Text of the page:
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Meet Ace Davis, a 10-year-old kid from Lexington, Kentucky who created a science fair project about Tom Brady. While kids in New England might be trying to figure out how to scientifically prove that Brady is the greatest quarterback who ever lived, Ace decided to go in a different direction. He created a science fair project that proves that Brady is a cheater.

Ace sought to prove that Brady was a cheater through science. He wanted to show that deflated footballs gave Brady a competitive advantage. On his poster, he included the results of experiments he did with his mom and sister. Each of them threw footballs of varying inflation, and he measured the distance of each one and calculated the average. He found that the least inflated football traveled the farthest, therefore giving Brady a competitive advantage.

Of course, he included more than that on his poster. He used a Brady Deflategate meme, a picture of Brady crying, and a picture of Brady making a very weird face.

Ace won his Science Fair and is advancing to the Districts. When asked how he thinks he’ll do there he replied, “I’m gonna win that too.” He was then asked what he’d like to say to Brady. Ace’s response?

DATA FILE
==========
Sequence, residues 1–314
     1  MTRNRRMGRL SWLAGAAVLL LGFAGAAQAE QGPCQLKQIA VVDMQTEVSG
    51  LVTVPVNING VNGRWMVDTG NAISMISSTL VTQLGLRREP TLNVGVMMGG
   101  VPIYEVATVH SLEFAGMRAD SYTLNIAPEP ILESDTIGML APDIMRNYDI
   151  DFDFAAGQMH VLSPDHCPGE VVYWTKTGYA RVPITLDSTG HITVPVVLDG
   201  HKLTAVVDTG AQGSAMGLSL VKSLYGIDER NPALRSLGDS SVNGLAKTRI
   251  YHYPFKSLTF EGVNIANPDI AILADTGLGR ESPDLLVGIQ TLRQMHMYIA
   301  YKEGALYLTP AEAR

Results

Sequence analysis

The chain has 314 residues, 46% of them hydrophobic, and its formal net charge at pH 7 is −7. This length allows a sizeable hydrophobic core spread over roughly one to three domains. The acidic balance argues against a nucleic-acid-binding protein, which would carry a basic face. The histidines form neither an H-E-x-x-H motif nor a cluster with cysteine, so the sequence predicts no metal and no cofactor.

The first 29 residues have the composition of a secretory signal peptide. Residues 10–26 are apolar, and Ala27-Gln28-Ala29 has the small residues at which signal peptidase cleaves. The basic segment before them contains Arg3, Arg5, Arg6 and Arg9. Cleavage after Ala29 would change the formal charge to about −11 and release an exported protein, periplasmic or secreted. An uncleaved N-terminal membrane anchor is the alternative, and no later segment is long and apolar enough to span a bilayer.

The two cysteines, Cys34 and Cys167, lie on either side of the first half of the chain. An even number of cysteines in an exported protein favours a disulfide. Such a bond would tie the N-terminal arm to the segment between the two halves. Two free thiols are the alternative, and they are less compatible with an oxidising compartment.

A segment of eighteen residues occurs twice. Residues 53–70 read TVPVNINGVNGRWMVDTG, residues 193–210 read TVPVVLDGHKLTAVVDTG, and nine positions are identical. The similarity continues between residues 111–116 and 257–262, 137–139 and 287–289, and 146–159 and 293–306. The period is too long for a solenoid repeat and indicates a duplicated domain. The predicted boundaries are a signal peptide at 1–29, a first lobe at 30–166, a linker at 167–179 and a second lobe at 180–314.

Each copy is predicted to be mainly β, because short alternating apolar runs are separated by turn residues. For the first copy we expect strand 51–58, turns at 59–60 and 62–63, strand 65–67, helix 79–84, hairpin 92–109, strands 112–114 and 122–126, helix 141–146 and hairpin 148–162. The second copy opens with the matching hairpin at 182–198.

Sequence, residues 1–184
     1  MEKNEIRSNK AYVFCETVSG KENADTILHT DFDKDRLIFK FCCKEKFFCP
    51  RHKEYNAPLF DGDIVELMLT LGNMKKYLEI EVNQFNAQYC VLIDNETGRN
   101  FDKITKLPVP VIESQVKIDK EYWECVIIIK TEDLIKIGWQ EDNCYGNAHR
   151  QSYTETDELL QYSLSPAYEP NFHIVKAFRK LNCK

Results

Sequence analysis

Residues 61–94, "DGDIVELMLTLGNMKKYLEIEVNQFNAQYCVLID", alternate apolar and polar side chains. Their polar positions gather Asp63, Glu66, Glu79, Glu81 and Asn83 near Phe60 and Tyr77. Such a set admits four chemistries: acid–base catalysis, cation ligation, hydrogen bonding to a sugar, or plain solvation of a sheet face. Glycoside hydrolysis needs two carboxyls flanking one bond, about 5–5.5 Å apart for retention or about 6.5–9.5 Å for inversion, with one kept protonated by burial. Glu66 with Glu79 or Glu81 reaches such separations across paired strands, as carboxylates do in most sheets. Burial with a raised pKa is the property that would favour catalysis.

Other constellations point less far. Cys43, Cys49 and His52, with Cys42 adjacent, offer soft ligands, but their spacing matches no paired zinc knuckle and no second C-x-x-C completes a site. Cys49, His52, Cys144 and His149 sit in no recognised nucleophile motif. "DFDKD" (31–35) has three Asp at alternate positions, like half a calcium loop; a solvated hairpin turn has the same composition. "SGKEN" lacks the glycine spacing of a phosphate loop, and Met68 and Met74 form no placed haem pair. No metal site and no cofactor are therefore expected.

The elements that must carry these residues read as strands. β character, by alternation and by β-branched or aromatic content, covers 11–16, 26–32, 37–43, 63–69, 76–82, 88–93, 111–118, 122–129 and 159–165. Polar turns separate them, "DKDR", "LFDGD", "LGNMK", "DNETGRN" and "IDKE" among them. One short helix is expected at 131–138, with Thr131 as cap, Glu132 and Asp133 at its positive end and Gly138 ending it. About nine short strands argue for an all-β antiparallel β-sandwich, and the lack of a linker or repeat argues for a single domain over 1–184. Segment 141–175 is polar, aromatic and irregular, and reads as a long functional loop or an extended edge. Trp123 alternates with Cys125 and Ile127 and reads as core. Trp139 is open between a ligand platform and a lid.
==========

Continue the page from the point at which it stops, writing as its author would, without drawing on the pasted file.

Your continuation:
“Give me some of your money. You don’t deserve it.”

Damn Ace. Hate Brady much?

Anyway, hell yes Ace Davis proved Tom Brady’s a cheater. Ace is out there fighting for truth, justice and the American way. Dude’s the damn superhero we all need right now, and if winning a Science Fair in Lexington, Kentucky isn’t proof that Touchdown Tawmy’s a cheater I don’t know what is. That’s just Science. Literally. The referees and the NFL won’t stand up to Brady, but you know who will? Ace Davis, that’s who, the kid who’s advancing to the Districts with intentions of winning the whole damn thing.

PS- Those quotes from Ace is pure gold. GOLD.

 

Good stuff.

Check out that Swimming Feather Star swimming in that video, man. That’s beautiful. Feather stars are a type of marine invertebrate with featherlike arms that radiate from a central body. They date back about 200-million years, which scientists say is a long time. Because they’ve been around so long Feather Stars are thought of as living fossils. The animals live from the equator to the poles and from the shallow waters on top of reefs to the depths of the ocean, so yeah, basically anywhere. Anywho, Swimming Feather Star.

So I ran across a list of the Top 50 Comics in an old Rolling Stone and it got me to thinking. Isn’t it weird how some comics appeal to some people and others don’t? I swear I sat through an hour and a half Dane Cook special at a friend’s house one night and never cracked smile. In the meantime everyone else in the room was rolling in convulsive laughter. Dane Cook, man. Dude just doesn’t tickle my funny bone. Others I don’t get? Don’t judge, but . . . Bernie Mac and, oh, this is going to piss some people off . . . Kevin Hart. Sorry, but I just don’t get his act. On a related note, his movies are intolerable.

But on to the comics I find funny, from #1 to #10. Being the professional blogger that I am, I shall include video. Let us commence . .